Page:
He went on to point out that RJ in the future will only be one of a number of options available to the criminal justice system, it will not overtake the existing system but offers some distinct benefits. He pointed out the large number of people receiving sentences of six months or less. It is his belief that if more of them were diverted there would be better outcomes for both victims and offenders.

He concluded by saying that RJ has now gained a foothold in Ireland and can be used as an alternative to tackle crime. It is limited but growing and the Commission’s task is a work in progress.

Summary provided by LL.M (Criminal Justice) candidate, John Cronin

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Semi-Plenary 1: David O'Mahony - Restorative justice and criminal justice: Complementary or conflicting paradigms?

O’ Mahony opened by acknowledging the fact this is a topical debate and providing a background for the emergence of restorative justice. There has been a growth in the area of alternative dispute resolution as well as the increasing dissatisfaction of victims with the criminal justice system. Restorative justice (RJ) offers, perhaps, a more active role for victims, who for many years were alienated by the mainstream criminal justice system. O’ Mahony pointed out the various international attempts to make RJ more a part of criminal justice. An EU framework promoted mediation as advantageous and the UN Vienna Declaration also committed members to implement RJ.

He then attempted to define RJ. This he pointed out is not an easy task as there are in existence many varying definitions of RJ. Many of these definitions are too broad and vague. The danger of this according to O’ Mahony is that RJ may mean all things to all people, in other words nobody knows exactly what it is all about. He set about highlighting some of the varying definitions in a bid to bring some clarity to the purpose of RJ.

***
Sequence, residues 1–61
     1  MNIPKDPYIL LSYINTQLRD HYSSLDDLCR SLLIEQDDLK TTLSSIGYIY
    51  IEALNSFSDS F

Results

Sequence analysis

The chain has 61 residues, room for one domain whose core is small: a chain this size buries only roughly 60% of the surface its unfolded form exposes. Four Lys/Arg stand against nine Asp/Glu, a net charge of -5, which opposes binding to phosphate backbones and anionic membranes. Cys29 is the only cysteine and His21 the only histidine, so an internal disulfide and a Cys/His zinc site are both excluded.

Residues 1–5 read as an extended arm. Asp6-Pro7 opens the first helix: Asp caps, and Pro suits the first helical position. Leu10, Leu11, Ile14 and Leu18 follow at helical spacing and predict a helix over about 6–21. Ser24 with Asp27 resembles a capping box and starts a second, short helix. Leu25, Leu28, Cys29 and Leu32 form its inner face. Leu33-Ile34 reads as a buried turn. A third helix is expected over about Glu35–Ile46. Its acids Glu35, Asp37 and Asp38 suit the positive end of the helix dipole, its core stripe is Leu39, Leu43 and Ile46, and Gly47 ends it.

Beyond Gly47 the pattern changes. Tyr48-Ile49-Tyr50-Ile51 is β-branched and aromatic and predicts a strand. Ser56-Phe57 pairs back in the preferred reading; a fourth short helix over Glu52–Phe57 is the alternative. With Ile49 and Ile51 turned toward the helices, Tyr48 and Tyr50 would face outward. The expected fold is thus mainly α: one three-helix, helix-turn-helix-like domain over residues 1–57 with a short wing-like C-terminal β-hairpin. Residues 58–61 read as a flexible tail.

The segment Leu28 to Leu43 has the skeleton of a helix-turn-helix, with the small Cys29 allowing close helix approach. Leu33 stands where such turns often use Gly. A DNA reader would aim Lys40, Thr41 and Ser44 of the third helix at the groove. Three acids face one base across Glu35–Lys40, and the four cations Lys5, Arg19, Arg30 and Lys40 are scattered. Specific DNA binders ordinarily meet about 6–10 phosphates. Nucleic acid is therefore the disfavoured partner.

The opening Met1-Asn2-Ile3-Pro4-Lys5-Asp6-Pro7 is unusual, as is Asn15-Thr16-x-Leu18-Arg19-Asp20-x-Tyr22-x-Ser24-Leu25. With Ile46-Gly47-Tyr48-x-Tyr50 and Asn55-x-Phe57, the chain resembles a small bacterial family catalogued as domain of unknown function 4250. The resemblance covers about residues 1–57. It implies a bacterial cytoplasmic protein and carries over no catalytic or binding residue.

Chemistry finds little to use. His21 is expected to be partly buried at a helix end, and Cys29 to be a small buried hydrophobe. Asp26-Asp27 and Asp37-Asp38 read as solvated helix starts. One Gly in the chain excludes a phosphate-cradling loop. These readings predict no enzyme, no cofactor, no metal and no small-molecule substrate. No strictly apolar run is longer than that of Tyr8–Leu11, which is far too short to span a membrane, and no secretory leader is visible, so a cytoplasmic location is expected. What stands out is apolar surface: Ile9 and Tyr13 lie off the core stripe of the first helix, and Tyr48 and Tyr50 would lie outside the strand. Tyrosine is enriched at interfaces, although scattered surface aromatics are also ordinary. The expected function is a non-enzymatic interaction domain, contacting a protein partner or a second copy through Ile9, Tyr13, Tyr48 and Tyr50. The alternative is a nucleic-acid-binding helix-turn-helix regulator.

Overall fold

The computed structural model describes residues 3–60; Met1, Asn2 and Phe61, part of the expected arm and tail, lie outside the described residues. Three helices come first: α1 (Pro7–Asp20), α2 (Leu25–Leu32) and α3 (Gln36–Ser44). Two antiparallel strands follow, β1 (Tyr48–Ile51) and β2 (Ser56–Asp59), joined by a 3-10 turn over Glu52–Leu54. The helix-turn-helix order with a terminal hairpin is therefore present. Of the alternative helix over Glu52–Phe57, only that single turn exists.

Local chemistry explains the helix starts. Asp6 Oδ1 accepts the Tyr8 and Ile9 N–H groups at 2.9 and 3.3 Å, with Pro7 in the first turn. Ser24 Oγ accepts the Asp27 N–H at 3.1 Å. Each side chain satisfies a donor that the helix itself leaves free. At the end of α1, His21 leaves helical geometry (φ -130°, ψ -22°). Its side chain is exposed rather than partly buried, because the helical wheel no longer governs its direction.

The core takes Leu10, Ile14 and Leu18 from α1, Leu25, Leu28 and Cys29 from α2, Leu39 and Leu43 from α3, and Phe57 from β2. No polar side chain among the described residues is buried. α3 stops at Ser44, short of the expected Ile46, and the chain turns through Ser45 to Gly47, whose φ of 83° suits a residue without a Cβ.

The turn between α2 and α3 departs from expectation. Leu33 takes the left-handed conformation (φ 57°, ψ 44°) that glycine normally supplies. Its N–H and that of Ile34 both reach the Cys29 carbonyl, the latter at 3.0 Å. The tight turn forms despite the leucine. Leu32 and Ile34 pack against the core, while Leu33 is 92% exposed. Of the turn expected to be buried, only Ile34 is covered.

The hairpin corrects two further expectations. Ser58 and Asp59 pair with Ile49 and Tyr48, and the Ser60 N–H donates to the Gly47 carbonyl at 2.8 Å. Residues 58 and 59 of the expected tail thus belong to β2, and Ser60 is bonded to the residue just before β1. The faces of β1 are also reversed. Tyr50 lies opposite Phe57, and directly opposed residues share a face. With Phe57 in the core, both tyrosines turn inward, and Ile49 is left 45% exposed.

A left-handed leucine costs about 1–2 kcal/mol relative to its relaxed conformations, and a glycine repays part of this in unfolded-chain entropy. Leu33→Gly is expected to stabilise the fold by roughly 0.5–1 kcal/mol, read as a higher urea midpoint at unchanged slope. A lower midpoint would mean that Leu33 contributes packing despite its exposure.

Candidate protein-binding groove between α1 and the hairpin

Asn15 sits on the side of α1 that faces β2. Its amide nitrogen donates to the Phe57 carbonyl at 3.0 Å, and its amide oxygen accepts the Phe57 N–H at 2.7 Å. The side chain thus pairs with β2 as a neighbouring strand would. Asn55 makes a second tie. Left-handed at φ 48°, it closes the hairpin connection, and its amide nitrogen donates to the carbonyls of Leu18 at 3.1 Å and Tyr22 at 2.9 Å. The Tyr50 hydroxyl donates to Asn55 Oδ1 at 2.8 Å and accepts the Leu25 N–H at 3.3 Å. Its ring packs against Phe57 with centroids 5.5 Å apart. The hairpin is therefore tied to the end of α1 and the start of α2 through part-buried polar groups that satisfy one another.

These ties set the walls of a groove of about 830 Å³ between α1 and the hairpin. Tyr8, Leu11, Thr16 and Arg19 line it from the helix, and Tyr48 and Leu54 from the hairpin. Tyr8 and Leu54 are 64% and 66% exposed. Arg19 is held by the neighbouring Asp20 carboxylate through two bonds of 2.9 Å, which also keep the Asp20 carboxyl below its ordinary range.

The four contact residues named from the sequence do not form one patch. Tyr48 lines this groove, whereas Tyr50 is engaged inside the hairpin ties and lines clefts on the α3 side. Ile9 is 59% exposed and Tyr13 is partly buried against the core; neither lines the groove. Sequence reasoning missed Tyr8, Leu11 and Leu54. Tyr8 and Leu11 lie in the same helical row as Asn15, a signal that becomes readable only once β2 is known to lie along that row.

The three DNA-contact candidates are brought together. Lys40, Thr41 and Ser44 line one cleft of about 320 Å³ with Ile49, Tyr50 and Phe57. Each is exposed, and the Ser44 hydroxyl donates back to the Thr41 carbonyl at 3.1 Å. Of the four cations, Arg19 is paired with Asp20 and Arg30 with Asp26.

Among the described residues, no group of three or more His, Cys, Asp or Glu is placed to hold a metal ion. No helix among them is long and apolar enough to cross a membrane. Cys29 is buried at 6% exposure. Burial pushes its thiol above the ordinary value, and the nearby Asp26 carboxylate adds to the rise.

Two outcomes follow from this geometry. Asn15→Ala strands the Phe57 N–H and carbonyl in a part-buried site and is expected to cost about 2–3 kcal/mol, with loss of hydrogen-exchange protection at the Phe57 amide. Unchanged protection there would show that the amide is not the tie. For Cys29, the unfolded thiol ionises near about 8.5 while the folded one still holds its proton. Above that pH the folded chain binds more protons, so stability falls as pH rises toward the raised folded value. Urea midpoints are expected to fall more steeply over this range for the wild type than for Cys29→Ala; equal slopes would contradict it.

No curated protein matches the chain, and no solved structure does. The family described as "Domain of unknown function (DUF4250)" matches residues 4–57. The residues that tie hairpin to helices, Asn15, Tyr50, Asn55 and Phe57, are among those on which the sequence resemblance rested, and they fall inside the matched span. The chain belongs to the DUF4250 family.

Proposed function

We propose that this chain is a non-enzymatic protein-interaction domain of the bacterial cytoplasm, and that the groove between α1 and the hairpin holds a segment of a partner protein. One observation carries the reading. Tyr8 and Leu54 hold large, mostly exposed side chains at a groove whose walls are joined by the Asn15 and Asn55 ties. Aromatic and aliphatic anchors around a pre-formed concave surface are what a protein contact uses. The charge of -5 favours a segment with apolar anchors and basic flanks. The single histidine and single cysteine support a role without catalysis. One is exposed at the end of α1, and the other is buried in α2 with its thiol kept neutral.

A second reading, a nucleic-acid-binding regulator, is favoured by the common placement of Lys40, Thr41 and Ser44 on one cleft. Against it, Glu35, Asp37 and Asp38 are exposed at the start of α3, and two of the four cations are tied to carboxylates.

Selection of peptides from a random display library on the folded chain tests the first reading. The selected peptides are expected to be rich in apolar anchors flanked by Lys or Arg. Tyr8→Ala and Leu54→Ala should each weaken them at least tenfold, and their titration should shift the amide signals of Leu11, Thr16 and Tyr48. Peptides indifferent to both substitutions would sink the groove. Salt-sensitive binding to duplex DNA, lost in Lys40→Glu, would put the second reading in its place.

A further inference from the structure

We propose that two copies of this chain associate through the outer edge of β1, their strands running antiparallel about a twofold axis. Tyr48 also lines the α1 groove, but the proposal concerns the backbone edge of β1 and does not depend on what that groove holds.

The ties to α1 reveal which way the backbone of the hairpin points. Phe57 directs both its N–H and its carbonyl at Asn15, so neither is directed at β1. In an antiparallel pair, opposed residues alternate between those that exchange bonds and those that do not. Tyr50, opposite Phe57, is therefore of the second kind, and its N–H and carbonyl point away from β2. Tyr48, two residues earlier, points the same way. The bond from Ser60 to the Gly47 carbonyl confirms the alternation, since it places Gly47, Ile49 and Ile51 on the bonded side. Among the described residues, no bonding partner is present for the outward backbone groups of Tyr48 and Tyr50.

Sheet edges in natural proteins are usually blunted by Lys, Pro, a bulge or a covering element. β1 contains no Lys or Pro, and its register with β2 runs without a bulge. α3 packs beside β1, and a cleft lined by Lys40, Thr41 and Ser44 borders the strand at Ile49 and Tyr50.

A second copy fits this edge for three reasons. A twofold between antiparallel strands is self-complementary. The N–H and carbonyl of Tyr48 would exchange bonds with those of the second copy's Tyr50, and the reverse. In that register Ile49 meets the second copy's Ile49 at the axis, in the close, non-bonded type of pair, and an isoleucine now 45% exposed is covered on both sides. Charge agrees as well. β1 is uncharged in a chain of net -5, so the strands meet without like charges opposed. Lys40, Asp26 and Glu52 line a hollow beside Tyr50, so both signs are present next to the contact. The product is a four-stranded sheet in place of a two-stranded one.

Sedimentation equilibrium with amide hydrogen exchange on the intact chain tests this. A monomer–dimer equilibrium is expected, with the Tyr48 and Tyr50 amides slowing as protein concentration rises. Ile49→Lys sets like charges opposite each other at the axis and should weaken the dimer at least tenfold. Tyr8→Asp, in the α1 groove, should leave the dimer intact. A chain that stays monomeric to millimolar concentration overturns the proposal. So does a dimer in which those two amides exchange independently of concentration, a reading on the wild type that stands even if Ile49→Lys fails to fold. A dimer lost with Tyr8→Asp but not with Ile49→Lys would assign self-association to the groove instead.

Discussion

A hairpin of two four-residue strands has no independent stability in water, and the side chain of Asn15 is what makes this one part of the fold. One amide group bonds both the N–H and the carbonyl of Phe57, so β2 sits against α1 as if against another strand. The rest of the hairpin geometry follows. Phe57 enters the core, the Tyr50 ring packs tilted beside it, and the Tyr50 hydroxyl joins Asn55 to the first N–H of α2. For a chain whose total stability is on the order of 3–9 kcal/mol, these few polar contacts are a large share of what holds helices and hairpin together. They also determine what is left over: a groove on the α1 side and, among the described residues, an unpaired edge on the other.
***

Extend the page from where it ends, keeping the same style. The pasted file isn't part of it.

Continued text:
The implementation of RJ programmes may vary greatly; different programmes attempt to achieve different things. Some may be special to a particular locality such as the work done with the Loyalists in Northern Ireland. Some commentators would argue that RJ belongs in the community rather than the criminal justice system. He then added that RJ is divergent in its scope, range and intention.

RJ may contrast in many ways to the criminal justice system. The state takes the conflict away from the key people in the offence, whereas in RJ these people are at the heart of any programme. Criminal justice seeks to be cold and impartial. Punishment is objective and retrospective, whereas RJ will often look at the potential to repair future harm. Criminal justice is effective at fact finding but RJ is all about dealing with the aftermath of the facts.

O’ Mahony then went onto examine some of the main types of RJ. First he examined victim-offender mediation. This is marginalised from criminal justice. It began in Canada and operates only on a small scale in the UK; it is developed on an ad-hoc basis. It is developed at a local level and is operated by the Probation service. The second example of RJ was community reparation boards. These help to give the community a further stake in the criminal justice system. In the UK they are mandatory for first time offenders and low-level offenders. According to the Newburn study their outcomes have been mostly positive. O’ Mahony pointed out that victims and offenders are generally more satisfied than the traditional criminal justice route. However he also noted the problems with resources and the low-level of victim participation (only 13%). He begged the question if this is truly a restorative measure with such a small uptake from victims. Also the mandatory participation of offenders also makes this questionable.

The next example of RJ was police-led restorative conferencing. Similar initiatives to this are available in Ireland. Although police participation is strong, victim participation is again weak (14%). O’ Mahony pointed out that the Irish system is much stronger in this area with high levels of participation from all parties. There were 320 such conferences in 2006. However, he did point out that this was out of 27,000 referrals. So the good progress was on a small scale. Finally, he gave the example of restorative conferencing. According to O’ Mahony, only Northern Ireland has a fully-fledged system. Victim participation is high (69% in 2005). It is a resource intensive process. 91% of victims get at least an apology, with only 11% who would have preferred to have gone to court.